Today there is a radical change happening in manufacturing: software. The software component is becoming a core part of products being manufactured and is influencing the adoption of industrialized methodologies and tools for software development. Manufacturers are integrating these methodologies into their businesses to keep up with this shift in scenarios. Part of this shift is using DevOps in manufacturing to increase efficiency.
Similar to how physically manufactured goods companies transformed how they designed, built, and delivered products using industrial automation throughout the last century, companies in today’s world have to transform how they build and deliver software, either as a standalone or a part of a larger product or service.
Making software doesn’t differ so much from a manufacturing plant. In fact, there are parallels that can help manufacturers better understand how to fuse the two together. In software, ideas are converted into a digital product that automates those same concepts.
The supply chain for software consists of planning, designing, building, testing, releasing, and running (or close to it). This isn’t all that different from a set of workstations in a factory. Only when the cycle is completed do we end up with a final product, and then we further refine the product through new releases.
A major player in successfully responding to this shift to software within the manufacturing space is DevOps. Defined as the combination of cultural philosophies, practices, and tools that increase an organization’s ability to deliver applications and services at high velocity, DevOps in manufacturing drives business agility and continuous delivery to not only satisfy customer needs, but also increases efficiency and business performance.
According to the 2016 State of DevOps Survey by Puppet, organizations who practice DevOps spend 29% more time on new features or code, have 200 times faster and more frequent software deployments, and spend 50% less time remediating security issues.
The DevOps methodology fuses the development and operations teams together to break down barriers, save time, and create a leaner organization. As manufacturers continue to lean into software development as part of the product development process, using DevOps in manufacturing can not only drive benefits for the software part of the business but can trickle down into the culture of the entire organization as a whole.
Using DevOps in manufacturing in three main ways can help your organization gain an upper hand in the competitive marketplace by foremost boosting efficiency.
1. Continuous Integration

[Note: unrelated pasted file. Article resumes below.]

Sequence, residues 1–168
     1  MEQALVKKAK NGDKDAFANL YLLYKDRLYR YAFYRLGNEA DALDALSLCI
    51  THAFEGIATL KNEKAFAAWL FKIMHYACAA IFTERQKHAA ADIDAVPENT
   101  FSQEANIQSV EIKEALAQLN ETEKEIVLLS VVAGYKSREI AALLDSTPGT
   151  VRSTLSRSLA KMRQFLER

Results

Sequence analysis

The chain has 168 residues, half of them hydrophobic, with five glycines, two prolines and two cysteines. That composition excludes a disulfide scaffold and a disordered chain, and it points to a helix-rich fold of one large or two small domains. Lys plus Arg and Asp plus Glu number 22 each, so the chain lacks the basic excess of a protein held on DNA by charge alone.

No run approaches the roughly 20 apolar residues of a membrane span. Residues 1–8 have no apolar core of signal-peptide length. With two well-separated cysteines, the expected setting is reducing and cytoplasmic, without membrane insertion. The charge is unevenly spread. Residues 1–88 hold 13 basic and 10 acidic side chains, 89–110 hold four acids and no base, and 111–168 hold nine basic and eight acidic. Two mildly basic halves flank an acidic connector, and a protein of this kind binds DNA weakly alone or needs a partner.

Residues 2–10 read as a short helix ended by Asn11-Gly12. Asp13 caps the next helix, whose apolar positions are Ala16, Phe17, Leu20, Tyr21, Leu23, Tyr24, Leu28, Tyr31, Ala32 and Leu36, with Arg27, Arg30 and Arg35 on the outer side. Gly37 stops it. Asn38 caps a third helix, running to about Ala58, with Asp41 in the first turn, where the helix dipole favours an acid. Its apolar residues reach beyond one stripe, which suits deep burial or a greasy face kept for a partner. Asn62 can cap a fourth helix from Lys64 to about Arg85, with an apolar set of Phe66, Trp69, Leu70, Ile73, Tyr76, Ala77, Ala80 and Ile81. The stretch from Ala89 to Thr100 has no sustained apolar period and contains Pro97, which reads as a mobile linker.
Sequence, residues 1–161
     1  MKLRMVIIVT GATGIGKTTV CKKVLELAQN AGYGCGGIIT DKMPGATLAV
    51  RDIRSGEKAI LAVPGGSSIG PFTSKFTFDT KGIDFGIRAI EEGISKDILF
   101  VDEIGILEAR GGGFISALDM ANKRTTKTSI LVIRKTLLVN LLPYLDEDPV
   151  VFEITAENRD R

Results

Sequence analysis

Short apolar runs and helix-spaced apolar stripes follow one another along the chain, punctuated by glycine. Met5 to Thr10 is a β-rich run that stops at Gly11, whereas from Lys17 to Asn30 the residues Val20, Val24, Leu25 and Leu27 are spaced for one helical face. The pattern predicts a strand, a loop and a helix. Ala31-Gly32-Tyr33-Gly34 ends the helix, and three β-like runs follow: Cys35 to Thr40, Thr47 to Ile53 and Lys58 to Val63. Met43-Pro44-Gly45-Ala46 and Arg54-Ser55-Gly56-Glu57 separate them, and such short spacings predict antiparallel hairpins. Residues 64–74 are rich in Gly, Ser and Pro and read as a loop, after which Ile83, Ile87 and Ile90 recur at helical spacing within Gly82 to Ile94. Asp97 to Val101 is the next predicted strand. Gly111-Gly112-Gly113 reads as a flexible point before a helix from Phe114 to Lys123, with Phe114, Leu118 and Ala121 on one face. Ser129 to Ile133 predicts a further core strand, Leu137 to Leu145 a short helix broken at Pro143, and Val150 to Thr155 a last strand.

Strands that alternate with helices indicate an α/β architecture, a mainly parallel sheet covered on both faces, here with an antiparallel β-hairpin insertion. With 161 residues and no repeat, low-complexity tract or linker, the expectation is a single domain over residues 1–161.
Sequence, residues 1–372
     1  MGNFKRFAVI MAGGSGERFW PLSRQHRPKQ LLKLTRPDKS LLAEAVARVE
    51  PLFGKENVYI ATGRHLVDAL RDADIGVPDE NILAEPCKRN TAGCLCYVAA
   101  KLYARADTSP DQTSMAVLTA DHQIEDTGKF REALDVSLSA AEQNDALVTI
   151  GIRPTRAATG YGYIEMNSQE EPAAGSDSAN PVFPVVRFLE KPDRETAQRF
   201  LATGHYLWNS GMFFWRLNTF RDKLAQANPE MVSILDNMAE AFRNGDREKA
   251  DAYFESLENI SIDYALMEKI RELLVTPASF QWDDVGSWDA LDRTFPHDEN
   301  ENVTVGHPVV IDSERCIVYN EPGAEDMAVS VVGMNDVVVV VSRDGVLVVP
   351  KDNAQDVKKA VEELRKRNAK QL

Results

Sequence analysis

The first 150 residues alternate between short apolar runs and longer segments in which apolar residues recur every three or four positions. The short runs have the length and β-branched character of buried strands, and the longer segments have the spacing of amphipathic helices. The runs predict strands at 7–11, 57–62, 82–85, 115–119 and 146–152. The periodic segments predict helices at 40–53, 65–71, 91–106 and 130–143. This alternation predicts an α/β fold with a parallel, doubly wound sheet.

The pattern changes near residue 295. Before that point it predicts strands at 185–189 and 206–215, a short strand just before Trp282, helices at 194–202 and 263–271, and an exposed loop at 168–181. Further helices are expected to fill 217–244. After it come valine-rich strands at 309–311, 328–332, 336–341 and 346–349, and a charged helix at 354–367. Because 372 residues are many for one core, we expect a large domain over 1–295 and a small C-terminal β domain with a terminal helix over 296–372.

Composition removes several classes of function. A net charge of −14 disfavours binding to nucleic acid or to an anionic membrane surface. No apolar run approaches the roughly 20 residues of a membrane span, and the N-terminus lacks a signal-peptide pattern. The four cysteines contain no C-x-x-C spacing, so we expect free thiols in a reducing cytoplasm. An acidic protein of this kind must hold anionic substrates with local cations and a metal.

Delivering updates faster and more frequently, continuous integration helps teams test more frequently to discover and address bugs earlier before they grow into larger problems later. Freeing developers from manual tasks and encouraging behaviors that help reduce the number of errors and bugs improves developer productivity.
2. Continuous Delivery
Practicing continuous delivery means that code changes are automatically built, tested, and prepared for a release to production. Like continuous integration, continuous delivery improves developer productivity and helps them find and address bugs earlier. Performing additional types of tests on code is easier because the entire process has been automated. Under continuous delivery practices, the software release process is automated, and updates are delivered faster and more frequently.
3. Increased Collaboration
Under a DevOps cultural model, the emphasis is on ownership and accountability. In order to reduce inefficiencies and save time, developers and operations teams collaborate closely, share many responsibilities, and combine their workflows. This increased communication and collaboration helps all parts of the organization to align more closely on goals and projects.
Organizations who are using DevOps in manufacturing these three ways (and others) are winning in the marketplace and rapidly innovating. By using DevOps in manufacturing, your team gains agility in launching new services and being competitive.
When considering a transition to a public cloud provider, such as Amazon Web Services, DevOps plays a key role in infrastructure management and cost-saving efficiency measures. It allows for the kind of elasticity in the infrastructure to automatically scale based on user demand, but reduce the footprint and spend to a minimal operating level when user demand is low. This means costs stay low and will only increase when the server resources are required.
The separation of traditional industries and technology industries is long over. Failing to adapt and harness the power of automation is a grave error. As time marches on, soon, every company will indeed be a software company.
Written by Jeremy Steinert, WSM Chief Technical Officer
This post first appeared on the Automation Alley blog.